Joe Gravellese To Host Virtual Town Hall on Transportation with Jim Aloisi
Joe Gravellese, Democratic candidate for State Representative in the 16th Suffolk District (Revere, Chelsea, Saugus) will stream a “Virtual Town Hall” on Tuesday, May 12 at 6 PM with Jim Aloisi, former Massachusetts Secretary of Transportation. Aloisi is currently a board member at the nonprofit TransitMatters, and a lecturer in urban studies and planning at MIT.
Re-Booting the Economy – Major Employer Issues – Part 2 “Welcoming Customers Back”
Re-opening the Economy is such a big topic right now. We want to position the North Shore Chamber and our members as leaders, as plans become unveiled by Governor Baker on reopening the economy. The May 13th Seminar will provide an external perspective – “Welcoming Customers Back.” We hope this new endeavor will provide valuable information to our members.
Please Join Us for a Virtual Conversation with Alyssa Milano and Senator Ed Markey
Alyssa and Senator Ed Markey will be discussing the issues that matter most to the people of Massachusetts and our country, from our nation’s recovery from the coronavirus pandemic, to the Green New Deal and the climate crisis, to jobs and justice, to women’s rights, and keeping the internet open and free for everyone.
Natural Climate Solutions: The Role of Agriculture and Carbon Capture in the Transition
U.S. forests store the equivalent of 52 years’ worth of the country’s carbon emissions, and even in today’s highly partisan political climate, conserving our forests, planting more trees, and improving agricultural practices are initiatives with bipartisan support. But how exactly can policy effectively incentivize farmers and landowners to reforest their lands and improve their management?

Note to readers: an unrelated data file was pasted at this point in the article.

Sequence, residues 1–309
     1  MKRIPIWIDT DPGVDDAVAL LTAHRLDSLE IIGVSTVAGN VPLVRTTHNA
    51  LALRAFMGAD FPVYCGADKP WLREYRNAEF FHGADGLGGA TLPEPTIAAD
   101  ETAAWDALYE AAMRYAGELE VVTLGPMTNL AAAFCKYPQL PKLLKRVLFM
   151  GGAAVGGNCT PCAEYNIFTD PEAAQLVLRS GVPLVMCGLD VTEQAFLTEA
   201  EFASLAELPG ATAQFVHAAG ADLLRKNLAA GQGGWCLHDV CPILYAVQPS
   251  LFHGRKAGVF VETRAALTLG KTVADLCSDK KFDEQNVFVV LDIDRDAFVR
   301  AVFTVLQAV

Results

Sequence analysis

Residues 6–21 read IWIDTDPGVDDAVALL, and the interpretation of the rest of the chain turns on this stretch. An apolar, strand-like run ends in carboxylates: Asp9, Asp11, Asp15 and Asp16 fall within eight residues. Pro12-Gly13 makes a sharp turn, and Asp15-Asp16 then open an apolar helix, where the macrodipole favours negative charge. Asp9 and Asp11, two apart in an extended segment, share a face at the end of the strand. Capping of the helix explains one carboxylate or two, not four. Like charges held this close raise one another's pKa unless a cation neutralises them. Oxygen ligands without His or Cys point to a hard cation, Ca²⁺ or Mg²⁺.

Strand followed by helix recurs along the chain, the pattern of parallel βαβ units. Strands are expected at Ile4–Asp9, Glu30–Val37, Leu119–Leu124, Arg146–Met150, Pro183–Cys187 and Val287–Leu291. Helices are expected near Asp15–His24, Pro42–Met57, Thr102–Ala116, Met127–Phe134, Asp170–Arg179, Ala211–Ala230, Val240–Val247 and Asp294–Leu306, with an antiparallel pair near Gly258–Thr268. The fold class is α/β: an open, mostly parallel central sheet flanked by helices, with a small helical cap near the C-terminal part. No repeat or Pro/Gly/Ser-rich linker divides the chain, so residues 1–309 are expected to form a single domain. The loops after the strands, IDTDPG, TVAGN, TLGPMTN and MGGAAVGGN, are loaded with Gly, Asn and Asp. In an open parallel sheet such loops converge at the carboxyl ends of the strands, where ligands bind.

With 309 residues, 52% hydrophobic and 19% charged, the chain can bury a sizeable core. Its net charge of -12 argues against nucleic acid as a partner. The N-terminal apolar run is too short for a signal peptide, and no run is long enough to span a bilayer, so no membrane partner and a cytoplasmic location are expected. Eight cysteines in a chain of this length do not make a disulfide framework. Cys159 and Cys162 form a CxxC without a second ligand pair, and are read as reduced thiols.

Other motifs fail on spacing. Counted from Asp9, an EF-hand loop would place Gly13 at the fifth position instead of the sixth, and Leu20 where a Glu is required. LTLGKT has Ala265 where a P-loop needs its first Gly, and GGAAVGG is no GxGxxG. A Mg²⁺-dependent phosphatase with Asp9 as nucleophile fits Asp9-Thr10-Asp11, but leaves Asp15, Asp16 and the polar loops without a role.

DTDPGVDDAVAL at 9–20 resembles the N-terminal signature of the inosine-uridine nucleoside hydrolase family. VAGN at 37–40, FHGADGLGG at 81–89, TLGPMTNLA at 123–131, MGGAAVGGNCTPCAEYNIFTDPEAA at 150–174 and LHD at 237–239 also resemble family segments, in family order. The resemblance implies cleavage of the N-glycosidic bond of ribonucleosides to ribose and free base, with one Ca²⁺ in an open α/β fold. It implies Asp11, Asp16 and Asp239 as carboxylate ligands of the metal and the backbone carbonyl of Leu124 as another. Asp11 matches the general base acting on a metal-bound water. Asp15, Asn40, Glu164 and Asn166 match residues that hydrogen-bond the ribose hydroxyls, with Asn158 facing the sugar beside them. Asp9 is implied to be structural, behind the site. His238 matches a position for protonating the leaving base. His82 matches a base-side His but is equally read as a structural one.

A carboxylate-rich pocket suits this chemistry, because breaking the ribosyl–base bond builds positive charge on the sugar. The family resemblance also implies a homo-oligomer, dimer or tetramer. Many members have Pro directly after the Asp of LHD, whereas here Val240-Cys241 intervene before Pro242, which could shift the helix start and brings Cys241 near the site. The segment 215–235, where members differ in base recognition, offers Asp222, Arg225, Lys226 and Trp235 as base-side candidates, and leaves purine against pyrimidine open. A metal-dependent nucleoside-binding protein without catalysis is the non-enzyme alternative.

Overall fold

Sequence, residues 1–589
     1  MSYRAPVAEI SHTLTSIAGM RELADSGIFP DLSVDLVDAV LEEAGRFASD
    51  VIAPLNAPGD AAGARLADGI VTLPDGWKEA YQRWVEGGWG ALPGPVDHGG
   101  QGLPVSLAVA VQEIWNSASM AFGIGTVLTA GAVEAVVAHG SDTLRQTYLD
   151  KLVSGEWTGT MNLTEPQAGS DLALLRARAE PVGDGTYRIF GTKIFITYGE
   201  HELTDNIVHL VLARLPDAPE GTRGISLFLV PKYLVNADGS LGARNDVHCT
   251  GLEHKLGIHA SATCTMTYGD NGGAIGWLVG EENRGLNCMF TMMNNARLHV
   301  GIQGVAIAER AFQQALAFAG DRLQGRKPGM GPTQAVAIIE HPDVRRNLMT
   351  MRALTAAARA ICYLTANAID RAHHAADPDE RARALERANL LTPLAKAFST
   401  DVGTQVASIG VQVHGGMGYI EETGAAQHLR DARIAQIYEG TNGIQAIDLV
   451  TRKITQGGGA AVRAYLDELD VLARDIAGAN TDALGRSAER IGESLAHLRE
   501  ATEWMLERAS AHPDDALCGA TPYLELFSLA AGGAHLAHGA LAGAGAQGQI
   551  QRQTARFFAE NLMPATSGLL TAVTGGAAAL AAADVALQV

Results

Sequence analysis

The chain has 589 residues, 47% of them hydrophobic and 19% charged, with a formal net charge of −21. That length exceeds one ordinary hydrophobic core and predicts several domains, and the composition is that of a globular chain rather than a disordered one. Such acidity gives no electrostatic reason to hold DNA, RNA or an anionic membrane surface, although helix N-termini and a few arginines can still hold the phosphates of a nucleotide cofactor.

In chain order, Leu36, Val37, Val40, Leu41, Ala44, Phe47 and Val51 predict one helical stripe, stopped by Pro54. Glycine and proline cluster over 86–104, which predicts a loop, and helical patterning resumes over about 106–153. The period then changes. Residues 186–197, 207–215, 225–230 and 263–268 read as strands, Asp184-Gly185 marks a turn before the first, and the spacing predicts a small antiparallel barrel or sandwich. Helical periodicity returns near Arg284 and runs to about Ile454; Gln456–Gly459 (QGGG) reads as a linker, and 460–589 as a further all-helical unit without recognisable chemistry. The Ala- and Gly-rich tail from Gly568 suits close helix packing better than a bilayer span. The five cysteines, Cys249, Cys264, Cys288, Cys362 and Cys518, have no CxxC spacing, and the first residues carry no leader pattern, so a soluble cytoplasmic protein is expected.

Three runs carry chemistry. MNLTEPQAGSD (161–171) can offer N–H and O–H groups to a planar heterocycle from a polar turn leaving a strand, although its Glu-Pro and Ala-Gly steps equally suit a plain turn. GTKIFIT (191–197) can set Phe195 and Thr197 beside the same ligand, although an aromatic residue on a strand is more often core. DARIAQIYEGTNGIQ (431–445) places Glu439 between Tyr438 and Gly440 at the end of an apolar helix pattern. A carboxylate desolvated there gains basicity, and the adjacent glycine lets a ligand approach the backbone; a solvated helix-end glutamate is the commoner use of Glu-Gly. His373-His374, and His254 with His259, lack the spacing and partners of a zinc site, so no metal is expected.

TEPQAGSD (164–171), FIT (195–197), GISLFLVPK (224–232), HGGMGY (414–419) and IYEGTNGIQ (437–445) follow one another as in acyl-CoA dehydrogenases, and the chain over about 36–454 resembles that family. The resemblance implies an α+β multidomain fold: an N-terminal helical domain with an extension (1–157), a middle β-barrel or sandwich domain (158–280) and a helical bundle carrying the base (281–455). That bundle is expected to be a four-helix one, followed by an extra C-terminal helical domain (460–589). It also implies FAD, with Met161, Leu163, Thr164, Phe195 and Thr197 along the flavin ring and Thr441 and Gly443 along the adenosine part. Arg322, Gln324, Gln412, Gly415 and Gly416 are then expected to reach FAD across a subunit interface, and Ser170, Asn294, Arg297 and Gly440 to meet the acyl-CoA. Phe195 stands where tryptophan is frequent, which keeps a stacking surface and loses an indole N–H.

JALSA – GBIO Virtual House Party
Are you interested in social justice in the time of the coronavirus? Would you be willing to share your stories and thoughts with the Greater Boston Interfaith Organization as we develop our communal agenda? We want to hear about your experiences in this highly unusual time.
Building a New Era of Offshore Wind
A virtual panel discussion featuring industry experts at Tufts University, the Brattle Group, and the Responsible Offshore Science Alliance.
Virtual Taste of Forum Meeting: Navigate the Crisis with Trusted HBS Peers
For the last eleven years HBS Association of Boston’s alumni forums have offered members that kind of safe port in a stormy world. Current forum members appreciate their monthly meetings now more than ever, and this special program invites all Boston-area alumni to a “pop-up” one-time forum meeting.
How Nonprofit Leaders are Weathering the COVID-19 Storm
The impacts of the COVID-19 pandemic on nonprofits’ programs and operations–and on the communities they serve–are immense. This free webinar will feature a moderated panel discussion with Bob Gittens of Cambridge Children’s and Families Service, Priscilla Kane Hellweg of Enchanted Circle Theater, and Celina Miranda of Hyde Square Task Force on the impacts of COVID-19 on their organizations.
Coronavirus and the 2020 Elections
EJ Dionne, Washington Post columnist and political commentator, and Janet Hook, staff writer at The Los Angeles Times, discuss implications of the novel coronavirus for the 2020 elections.
Brands With A Purpose Series: “Redefining Success with Social Impact” – Virtual Fireside Chat with CEO, David Heath
David Heath the Co-Founder and Chief Executive Officer of Bombas will discuss the evolution of product offerings and how Bombas’ mission plays into the company’s culture and social impact.